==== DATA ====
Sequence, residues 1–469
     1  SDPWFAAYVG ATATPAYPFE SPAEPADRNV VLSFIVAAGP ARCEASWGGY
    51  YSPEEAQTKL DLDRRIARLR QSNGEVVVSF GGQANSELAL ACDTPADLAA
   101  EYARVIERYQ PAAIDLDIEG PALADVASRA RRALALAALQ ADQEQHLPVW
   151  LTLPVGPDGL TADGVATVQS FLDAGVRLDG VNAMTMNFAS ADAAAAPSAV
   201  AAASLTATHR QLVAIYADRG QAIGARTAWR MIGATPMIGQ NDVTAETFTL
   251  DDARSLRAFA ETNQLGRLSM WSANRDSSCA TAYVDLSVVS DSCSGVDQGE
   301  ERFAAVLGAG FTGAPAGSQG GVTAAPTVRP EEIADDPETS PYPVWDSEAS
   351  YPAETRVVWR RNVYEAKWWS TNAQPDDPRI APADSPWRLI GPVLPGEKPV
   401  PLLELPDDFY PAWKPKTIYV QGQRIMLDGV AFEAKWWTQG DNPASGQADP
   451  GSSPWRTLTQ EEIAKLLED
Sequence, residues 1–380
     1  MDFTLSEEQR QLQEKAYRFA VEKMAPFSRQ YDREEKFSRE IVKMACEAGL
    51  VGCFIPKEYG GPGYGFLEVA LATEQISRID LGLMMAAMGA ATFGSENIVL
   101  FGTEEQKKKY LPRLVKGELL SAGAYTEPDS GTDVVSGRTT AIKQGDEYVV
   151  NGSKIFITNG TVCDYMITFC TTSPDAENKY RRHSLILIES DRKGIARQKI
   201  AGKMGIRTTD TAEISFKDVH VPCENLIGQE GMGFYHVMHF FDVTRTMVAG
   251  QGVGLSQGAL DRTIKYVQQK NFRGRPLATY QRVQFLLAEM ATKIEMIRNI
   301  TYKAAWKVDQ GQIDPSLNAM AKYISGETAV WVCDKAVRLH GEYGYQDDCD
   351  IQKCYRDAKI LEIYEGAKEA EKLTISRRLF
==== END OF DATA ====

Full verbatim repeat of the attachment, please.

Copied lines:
Sequence, residues 1–469
     1  SDPWFAAYVG ATATPAYPFE SPAEPADRNV VLSFIVAAGP ARCEASWGGY
    51  YSPEEAQTKL DLDRRIARLR QSNGEVVVSF GGQANSELAL ACDTPADLAA
   101  EYARVIERYQ PAAIDLDIEG PALADVASRA RRALALAALQ ADQEQHLPVW
   151  LTLPVGPDGL TADGVATVQS FLDAGVRLDG VNAMTMNFAS ADAAAAPSAV
   201  AAASLTATHR QLVAIYADRG QAIGARTAWR MIGATPMIGQ NDVTAETFTL
   251  DDARSLRAFA ETNQLGRLSM WSANRDSSCA TAYVDLSVVS DSCSGVDQGE
   301  ERFAAVLGAG FTGAPAGSQG GVTAAPTVRP EEIADDPETS PYPVWDSEAS
   351  YPAETRVVWR RNVYEAKWWS TNAQPDDPRI APADSPWRLI GPVLPGEKPV
   401  PLLELPDDFY PAWKPKTIYV QGQRIMLDGV AFEAKWWTQG DNPASGQADP
   451  GSSPWRTLTQ EEIAKLLED
Sequence, residues 1–380
     1  MDFTLSEEQR QLQEKAYRFA VEKMAPFSRQ YDREEKFSRE IVKMACEAGL
    51  VGCFIPKEYG GPGYGFLEVA LATEQISRID LGLMMAAMGA ATFGSENIVL
   101  FGTEEQKKKY LPRLVKGELL SAGAYTEPDS GTDVVSGRTT AIKQGDEYVV
   151  NGSKIFITNG TVCDYMITFC TTSPDAENKY RRHSLILIES DRKGIARQKI
   201  AGKMGIRTTD TAEISFKDVH VPCENLIGQE GMGFYHVMHF FDVTRTMVAG
   251  QGVGLSQGAL DRTIKYVQQK NFRGRPLATY QRVQFLLAEM ATKIEMIRNI
   301  TYKAAWKVDQ GQIDPSLNAM AKYISGETAV WVCDKAVRLH GEYGYQDDCD
   351  IQKCYRDAKI LEIYEGAKEA EKLTISRRLF